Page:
Ireland

Vatican Concludes Investigation of Clergy Abuse in Ireland

Clergy abuse protest in Dublin, 2002. Photo via Getty Images.

Clergy abuse protest in Dublin, 2002. Photo via Getty Images.

VATICAN CITY — Following a yearlong investigation into decades of rampant abuse in the Roman Catholic Church in Ireland, the Vatican today called for more rigorous screening of would-be priests and compulsory child protection classes in seminaries.

Pope Benedict XVI ordered the "Apostolic Visitation" of Ireland's seminaries, religious orders and four main archdioceses in 2010 after a string of Irish government commissions detailed the extent of child sexual abuse in Catholic institutions and exposed a cover-up by several senior churchmen.

The team of church investigators included New York Cardinal Timothy Dolan, who was tasked with inspecting Ireland's seminaries, and Boston Cardinal Sean O'Malley.

A seven-page summary of the investigation's final report was released by the Vatican on Tuesday, and said investigators identified past "shortcomings" that led to an "inadequate understanding of and reaction to" child abuse, "not least on the part of various bishops and religious superiors."

But the investigators also stressed that the child protection initiatives undertaken since the 1990s were "judged to be excellent."

Naomh Padraig: St. Patrick's Day, John O'Donohue and Blessing

Image of John O'Donohue via www.JohnODonohue.com

Image of John O'Donohue via www.JohnODonohue.com

To bless someone, in the most literal sense of the word, is to confer your hopes to them.

That's why so many traditional blessings begin with the word "may."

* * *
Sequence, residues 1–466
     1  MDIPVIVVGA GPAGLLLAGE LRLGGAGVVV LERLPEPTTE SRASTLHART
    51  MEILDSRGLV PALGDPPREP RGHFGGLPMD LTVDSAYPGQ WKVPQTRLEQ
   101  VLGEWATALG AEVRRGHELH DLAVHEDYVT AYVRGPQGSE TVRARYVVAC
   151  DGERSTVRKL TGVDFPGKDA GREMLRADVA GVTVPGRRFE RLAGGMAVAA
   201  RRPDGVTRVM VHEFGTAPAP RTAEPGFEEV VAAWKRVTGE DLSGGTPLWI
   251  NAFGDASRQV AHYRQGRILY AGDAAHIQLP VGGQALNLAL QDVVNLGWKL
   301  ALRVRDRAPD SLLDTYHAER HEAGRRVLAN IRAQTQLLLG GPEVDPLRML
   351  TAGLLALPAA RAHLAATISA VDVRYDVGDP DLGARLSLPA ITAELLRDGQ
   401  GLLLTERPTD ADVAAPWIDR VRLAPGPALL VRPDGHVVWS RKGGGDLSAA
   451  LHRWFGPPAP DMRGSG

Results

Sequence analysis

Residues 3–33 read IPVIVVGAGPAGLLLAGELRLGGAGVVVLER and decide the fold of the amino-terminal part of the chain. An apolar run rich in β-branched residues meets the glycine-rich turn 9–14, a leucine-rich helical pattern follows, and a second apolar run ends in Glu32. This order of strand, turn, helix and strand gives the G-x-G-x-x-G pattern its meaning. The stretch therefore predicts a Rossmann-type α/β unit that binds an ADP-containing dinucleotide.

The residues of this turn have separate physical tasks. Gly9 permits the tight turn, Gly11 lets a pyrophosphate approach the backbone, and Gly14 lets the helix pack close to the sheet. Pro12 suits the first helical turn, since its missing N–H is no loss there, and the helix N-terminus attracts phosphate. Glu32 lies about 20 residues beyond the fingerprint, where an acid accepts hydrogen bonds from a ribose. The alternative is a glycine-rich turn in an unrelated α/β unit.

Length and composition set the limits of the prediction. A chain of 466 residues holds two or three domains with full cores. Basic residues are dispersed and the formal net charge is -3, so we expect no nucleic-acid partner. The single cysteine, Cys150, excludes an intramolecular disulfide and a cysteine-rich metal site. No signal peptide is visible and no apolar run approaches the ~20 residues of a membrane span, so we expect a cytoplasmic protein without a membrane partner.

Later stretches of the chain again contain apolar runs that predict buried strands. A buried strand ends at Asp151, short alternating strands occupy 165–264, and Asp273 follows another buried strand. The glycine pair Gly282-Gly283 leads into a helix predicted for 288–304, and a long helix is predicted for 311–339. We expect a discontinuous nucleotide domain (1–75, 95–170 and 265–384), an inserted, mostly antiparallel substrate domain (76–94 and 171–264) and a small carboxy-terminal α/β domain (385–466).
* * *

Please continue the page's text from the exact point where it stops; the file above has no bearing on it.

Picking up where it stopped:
Take, for instance, what is perhaps the best-known Irish blessing (or toast, as the case may be this time of the year):

May the road rise up to meet you.
May the wind be always at your back.
May the sun shine warm upon your face;
The rains fall soft upon your fields and until we meet again,
May God hold you in the palm of His hand.

"May" doesn't mean "so be it." May implies that something is possible, but not a done deal. May hopes that God puts it in play and that you get out of your own way and allow it to happen.

John O'Donohue, the great contemporary Irish poet/philosopher (and former Catholic priest), knew the power of "may."

Knotted Celt

Chains, Malin Head, Co. Donegal. Photo by Cathleen Falsani.

Chains, Malin Head, Co. Donegal. Photo by Cathleen Falsani.

Howling wind whipped my long, unruly hair in penitent lashes across my face as I stood in the rain, staring at the churning sea at the northernmost point of Ireland. This place, Malin Head in County Donegal, for some mysterious or mystical reason — perhaps because it is such a broody, dramatic place, or maybe it’s got something to do with ancestry, or both — is the spot I love most in the world.

It is a wild land, the kind of place where myths are born, where giants and saints might come bounding over the next hillock followed by a troupe of little people or a herd of magical sheep.

Whatever the reason, I feel at home here and have returned time and again over the last 15 years, drawn to stand on its rocky cliffs like water to the shore.

8 Inspiring Movies About Social Change

1100629-gandhifilmAh the joy of watching movies in the summer! Of course, there are a number of summer blockbusters coming out that will woo crowds to the theaters, but with the sky-high prices of theater tickets these days, nobody will fault you for wanting to stay home and kick back with a rental. If you're looking for a film that will entertain and inspire you, consider adding some of these excellent films about social change to your online queue. If you have any other films to add to this list, please contribute your favorites in the comments section below. (To read more of my film reviews, check out my monthly column in Sojourners magazine.)

Pages

Subscribe